The New York Air National Guard delivered more than 100,000 pounds of cargo to Canadian Forces Station Alert, the most northern permanently inhabited place in the world, from September 26 to October 4 as part of a joint operation with the Canadian Armed Forces.
CFS Alert, built in 1956, maintains signals intelligence (SIGINT) facilities to support Canadian military operations, hosts researchers for Environment and Climate Change Canada, and plays a key role in projecting Canadian sovereignty in the Arctic. The station, located on Ellesmere Island, Nunavut — 490 miles south of the North Pole — is home to around 55 Canadian Forces military and civilian personnel year-round.
The resupply mission to the station is known as Operation Boxtop and takes place in the spring and fall.
Twenty airmen from the NY ANG’s 109th Airlift Wing, based at Stratton Air National Guard Base in Scotia, N.Y., flew seven missions to CFS Alert as part of the twice a year effort to supply the station. The 109th personnel included two full crews of six Airmen, for a total of twelve, and eight maintenance personnel.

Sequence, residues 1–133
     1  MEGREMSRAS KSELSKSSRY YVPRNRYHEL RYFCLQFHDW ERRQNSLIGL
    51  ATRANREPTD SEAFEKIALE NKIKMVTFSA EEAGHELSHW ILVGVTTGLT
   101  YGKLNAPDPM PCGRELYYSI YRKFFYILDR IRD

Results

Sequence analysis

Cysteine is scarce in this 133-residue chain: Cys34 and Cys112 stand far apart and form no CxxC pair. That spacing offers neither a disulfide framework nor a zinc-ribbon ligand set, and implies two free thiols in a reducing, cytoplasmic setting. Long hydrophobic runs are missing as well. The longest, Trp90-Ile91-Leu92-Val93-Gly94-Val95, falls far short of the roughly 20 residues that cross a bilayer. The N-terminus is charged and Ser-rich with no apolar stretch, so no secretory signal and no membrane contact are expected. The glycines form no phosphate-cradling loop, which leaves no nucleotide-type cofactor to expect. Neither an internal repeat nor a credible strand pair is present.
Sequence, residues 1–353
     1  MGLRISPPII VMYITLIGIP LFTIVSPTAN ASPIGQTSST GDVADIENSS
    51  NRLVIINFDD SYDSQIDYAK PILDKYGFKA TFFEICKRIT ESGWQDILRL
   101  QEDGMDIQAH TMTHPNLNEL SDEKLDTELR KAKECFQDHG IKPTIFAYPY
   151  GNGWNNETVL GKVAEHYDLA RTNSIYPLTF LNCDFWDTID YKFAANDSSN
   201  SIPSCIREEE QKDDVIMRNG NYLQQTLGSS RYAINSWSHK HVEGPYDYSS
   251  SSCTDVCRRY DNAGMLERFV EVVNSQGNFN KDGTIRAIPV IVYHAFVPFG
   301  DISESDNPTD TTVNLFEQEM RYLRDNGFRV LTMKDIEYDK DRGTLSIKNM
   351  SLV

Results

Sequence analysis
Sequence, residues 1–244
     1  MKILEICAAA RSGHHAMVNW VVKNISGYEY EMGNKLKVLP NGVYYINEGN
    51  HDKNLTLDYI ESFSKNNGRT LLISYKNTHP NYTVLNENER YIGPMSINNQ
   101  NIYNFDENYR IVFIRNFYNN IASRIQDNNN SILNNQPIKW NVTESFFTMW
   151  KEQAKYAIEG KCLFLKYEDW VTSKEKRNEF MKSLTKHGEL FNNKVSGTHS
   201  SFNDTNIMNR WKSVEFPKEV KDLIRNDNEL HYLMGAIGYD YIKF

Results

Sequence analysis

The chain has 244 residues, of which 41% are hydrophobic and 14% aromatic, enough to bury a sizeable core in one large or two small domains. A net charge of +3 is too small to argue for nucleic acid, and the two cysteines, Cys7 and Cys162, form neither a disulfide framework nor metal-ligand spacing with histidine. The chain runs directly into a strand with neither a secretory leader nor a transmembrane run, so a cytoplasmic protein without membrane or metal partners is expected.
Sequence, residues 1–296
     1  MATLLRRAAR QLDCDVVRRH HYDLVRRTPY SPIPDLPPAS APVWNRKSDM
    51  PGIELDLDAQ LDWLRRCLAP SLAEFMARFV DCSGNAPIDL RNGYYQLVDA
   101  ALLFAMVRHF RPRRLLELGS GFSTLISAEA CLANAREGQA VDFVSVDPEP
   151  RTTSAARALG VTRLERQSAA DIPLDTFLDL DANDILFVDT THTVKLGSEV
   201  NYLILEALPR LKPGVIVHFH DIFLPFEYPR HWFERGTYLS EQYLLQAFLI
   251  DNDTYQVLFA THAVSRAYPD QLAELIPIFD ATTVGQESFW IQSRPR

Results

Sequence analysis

The 109th Airlift Wing, which also flies the largest ski-equipped aircraft in the world, the LC-130, teamed up with the Canadian Armed Force’s 8 Wing, based in Trenton, Ontario to conduct the mission. 8 Wing is the higher headquarters for the Alert station.
The Canadian Forces funded the 109th’s participation in accomplishing the resupply mission as part of broader bi-national Arctic Force Package initiative.
The mission profile called for one C-130 Hercules from the 109th to fly to Thule Air Base in Greenland, the northernmost installation operation by the U.S. military, and then fly cargo from there to Alert. The 109th Airlift Wing carried bulk cargo which allowed the Canadian Armed Forces, which employed a C-130J Super Hercules and C-17 Globemaster III cargo plane, to focus on carrying fuel for generators and heating. The three aircraft flew missions around the clock to supply the Alert outpost.
The conditions in the Arctic this time of year can be less than ideal and the crews experienced freezing fog, low visibility, and high winds, making approaches and landing difficult at times. Despite the weather, the 109th Airlift Wing crews were able to complete 37.4 hours of flying for the operation.
The 109th Airlift Wing has a long history of operating in the Arctic in support of American and Canadian operations. In 2014, 2015 and 2016, the 109th Airlift Wing participated in Operation NUNALIVUT, an annual Arctic operations exercise.